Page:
in a Pecan Shell
The town had originally
been in Walker County. When San
Jacinto County was formed in 1870, the community was split east
and west by the new county line. James W. Winters, former Alabaman,
settled in the area just a year before Texas Independence in 1835.
Other families moved into the area and by 1852, the community had
promising population of 300 people.
Just before the Civil War Waverly was platted and incorporated.
The town ( like Ivanhoe
in North Texas)
is said to be named after the writings of Sir Walter Scott. A male
and female academy opened in 1856 and the town had a post office in
operation from 1855 through 1872.
Storekeeper Meyer Levy, a Polish Jew and Civil War Veteran, suggested
to others in the community that bringing new settlers from Poland
would benefit all concerned. The Waverly Emigration Society was formed,
but while the plan was to recruit about 150 workers; the numbers fell
dramatically short of the goal. As the Houston and Great Northern
Railroad extended it's tracks north through the region, fearful townspeople
refused to grant a right-of-way to the railroad. This misguided refusal
spawned the town of "New" Waverly
10 miles west and spelled the end to Waverly - which was thereafter
referred to as Old Waverly.
In 1896 Old Waverly still maintained a population of nearly 400, by
by 1925 it was down to 100. Today, all that's left of Waverly is the
cemetery and Presbyterian church (both on the west side of the county
line). The cemetery is at the west end of the street while the church
is on the far right end. A "subdivision" on the south side of 150
has appropriated the name of Old Waverly, but the former town
now consists only of the Presbyterian church, the handsome cemetery
and two historical markers.
church in Old Waverly.
TE photo, 2006. More Texas
| Historical Marker
(14 miles W. of Coldspring, just
N of Hwy 150, San
Early center of
culture for this part of Texas. Settled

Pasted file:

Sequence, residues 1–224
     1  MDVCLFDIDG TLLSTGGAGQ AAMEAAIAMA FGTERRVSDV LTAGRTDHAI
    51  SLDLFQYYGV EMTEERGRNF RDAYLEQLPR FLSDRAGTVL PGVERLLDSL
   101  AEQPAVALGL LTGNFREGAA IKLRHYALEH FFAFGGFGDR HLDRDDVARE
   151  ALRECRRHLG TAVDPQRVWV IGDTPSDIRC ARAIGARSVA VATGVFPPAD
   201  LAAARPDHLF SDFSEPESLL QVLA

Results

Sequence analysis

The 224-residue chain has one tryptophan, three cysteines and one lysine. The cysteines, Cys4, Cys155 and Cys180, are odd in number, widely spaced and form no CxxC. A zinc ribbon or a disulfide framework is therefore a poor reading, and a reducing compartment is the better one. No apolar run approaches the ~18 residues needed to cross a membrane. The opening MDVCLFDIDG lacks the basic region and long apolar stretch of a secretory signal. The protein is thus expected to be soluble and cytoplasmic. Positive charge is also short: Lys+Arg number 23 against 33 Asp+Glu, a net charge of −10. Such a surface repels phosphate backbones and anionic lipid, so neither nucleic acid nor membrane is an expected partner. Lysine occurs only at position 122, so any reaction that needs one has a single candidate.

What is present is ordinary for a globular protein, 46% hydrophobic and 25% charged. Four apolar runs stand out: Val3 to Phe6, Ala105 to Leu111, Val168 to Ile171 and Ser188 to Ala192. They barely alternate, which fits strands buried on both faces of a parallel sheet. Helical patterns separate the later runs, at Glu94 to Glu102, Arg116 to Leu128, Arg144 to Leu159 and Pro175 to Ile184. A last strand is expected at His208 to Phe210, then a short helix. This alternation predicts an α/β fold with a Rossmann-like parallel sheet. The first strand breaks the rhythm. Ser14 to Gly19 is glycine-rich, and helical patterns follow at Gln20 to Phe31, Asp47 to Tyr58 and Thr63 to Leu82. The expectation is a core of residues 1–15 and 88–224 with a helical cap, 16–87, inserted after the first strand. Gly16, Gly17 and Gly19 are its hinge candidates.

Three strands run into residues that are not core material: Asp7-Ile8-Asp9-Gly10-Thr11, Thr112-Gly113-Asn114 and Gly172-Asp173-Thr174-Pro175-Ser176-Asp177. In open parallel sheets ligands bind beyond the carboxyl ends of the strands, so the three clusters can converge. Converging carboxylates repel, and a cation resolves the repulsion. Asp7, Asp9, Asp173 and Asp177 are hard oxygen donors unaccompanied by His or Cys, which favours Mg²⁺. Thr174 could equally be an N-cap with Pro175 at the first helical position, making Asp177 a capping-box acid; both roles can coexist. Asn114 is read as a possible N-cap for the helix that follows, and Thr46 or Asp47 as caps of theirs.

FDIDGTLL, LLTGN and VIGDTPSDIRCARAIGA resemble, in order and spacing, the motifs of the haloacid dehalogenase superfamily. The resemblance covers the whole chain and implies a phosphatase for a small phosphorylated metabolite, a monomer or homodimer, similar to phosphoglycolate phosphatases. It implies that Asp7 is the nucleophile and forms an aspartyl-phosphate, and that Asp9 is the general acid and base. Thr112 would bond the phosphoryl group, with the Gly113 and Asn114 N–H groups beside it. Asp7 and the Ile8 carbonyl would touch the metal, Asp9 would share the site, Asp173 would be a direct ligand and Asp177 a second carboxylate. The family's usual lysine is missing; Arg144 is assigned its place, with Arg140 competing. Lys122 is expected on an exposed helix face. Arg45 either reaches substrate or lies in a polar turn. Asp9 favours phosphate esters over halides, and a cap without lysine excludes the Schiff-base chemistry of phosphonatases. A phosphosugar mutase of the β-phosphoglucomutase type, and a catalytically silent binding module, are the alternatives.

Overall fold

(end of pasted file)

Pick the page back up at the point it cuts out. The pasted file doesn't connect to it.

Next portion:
1835-1850s, mainly by people from Alabama. Community was named for
the Waverley novels of Sir Walter Scott, then very popular. To provide
education equal to any, Waverly Institute was founded in 1854, with
separate departments for boys and girls. Plantation system prevailed
until 1860s. During Civil War, Federal troops camped in heart of Waverly,
on Soldier's Hill. Of three early churches, only the Presbyterian
(organized in 1860) still exists; its present building was erected
Old Waverly’s fade
into oblivion may be short of tragic elements, but two separate stories
were enough to have it included in the late Ed Sayer’s Ghosts of
Texas. When one considers the cottage industry that spooks and
spirits have become in recent years, it’s an accomplishment to be
included as one of the fifty-odd stories in what is considered to
be the first volume written on Texas Ghosts.
The sites of the stories are several miles apart in what remains today
of the dense forest that was laboriously pushed back by slave labor
to plant cotton.
Click here for the stories>
is included in T. Lindsay Baker's book More Ghost Towns of Texas,
U of Oklahoma Press, 2003.
in its purpose to preserve historic, endangered and vanishing Texas,
asks that anyone wishing to share their local history and vintage/historic
photos, please contact